Cast a broad net to improve your chances of winning grants
By F. Randall Grimes
So, you’ve decided to boost your company’s finances with grants. You’ll need to consider a number of funding mechanisms and agencies, casting the broadest possible net to capture the best opportunities for your company.
Funding mechanisms — including Small Business Innovative Research, Advanced Technology Program, Broad Agency Announcements, and Program Research and Development Announcements — offer varying levels of topic freedom, structure, and funding. The SBIR program provides more than $1.5 billion in funding annually to small companies that conduct research of interest to the soliciting agencies. Projects are broken into three phases: first, up to $100,000 to prove the feasibility of a technology or technical approach; then up to $750,000 to develop the technology; and in the third phase, companies commercialize their technology with partners without the financial support of the soliciting agency.
Despite the limited topic freedom and small size of phase 1 awards, SBIRs are a valuable source of funds due to their sheer number and variety.
BAAs and PRDAs also request proposals for technical feasibility and technical development research. Unlike SBIRs, these solicitations vary widely in terms of structure and funding level. One BAA may limit research to $200,000, while another may accommodate $5 million worth of work. Look for BAAs and PRDAs to obtain larger chunks of funding when good matches occur between your interests and those of the funding agency.
The ATP, unique to the National Institute of Standards and Technologies, provides the most flexibility. Unlike the other agencies, NIST awards ATP funding based not on agency interests but on the technical merit and potential economic benefits of the proposed effort. Projects can be up to three years in length and can be supported by as much as $2 million for a single applicant. Because of the extreme topic flexibility and amount of funding provided, ATPs are among the most sought awards.
The agencies funding these awards include those you would expect, and some you might not. You certainly want to start your search at NIH, which supports more than $15 billion in health-related research annually, including close to $500 million in SBIRs. But did you know that the Department of Defense is second only to NIH in its support of health-related research, providing more than $1 billion each year? Check also at NASA, Department of Agriculture, and the Veterans Administration, all of which support substantial research.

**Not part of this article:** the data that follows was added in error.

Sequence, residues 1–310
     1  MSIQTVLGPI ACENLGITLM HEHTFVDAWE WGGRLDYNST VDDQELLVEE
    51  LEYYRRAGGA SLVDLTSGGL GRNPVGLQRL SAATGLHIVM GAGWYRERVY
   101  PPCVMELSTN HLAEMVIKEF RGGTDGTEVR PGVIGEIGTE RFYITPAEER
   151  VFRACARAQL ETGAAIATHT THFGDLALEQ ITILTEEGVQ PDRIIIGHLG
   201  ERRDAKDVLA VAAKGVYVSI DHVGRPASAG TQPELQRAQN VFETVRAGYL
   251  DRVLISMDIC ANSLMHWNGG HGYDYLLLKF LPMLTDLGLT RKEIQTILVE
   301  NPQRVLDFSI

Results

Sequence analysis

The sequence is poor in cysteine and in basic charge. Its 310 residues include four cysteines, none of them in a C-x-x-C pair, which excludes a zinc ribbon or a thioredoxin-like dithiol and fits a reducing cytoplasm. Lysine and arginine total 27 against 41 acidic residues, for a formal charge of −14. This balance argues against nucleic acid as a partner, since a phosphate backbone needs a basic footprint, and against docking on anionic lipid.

Look for opportunities wherever there’s the slightest chance for a connection between your work and an agency’s needs.
To search for opportunities, you can go to the agencies themselves; most have grant opportunity pages. You can also check at database sites, like the federal business opportunities page (www.fed bizopps.gov) or the catalog of domestic assistance (aspe.os.dhhs.gov/cfda). Finally, you can call or e-mail program managers to discuss current or future solicitation. Ultimately, you’re best served using all three of these methods.
The frequency of your searches depends on the types of opportunities you’re targeting. SBIR solicitations are published on regular intervals well in advance of deadlines. Likewise, the ATP program is usually announced early in the year and provides several windows for application. If you’re interested in finding BAAs or PRDAs, you should check early and often: These solicitations are published irregularly and may have short windows of opportunity, so search on a monthly basis.
This may sound like a lot of work. It is. But remember, these grants could be worth millions to your company and conducting frequent, broad-based searches is a keystone of successful grant funding. If you don’t have the time or inclination to conduct these searches, look for electronic notification systems or external experts to conduct searches on your behalf. Regardless of your choice, the goal remains the same: don’t let the big one get away.
Randy Grimes is the founder and principal of The Randall Group, a consultancy that helps small-to-medium-sized biotech companies find and win government grants. Contact him at www.the-randall-group.com.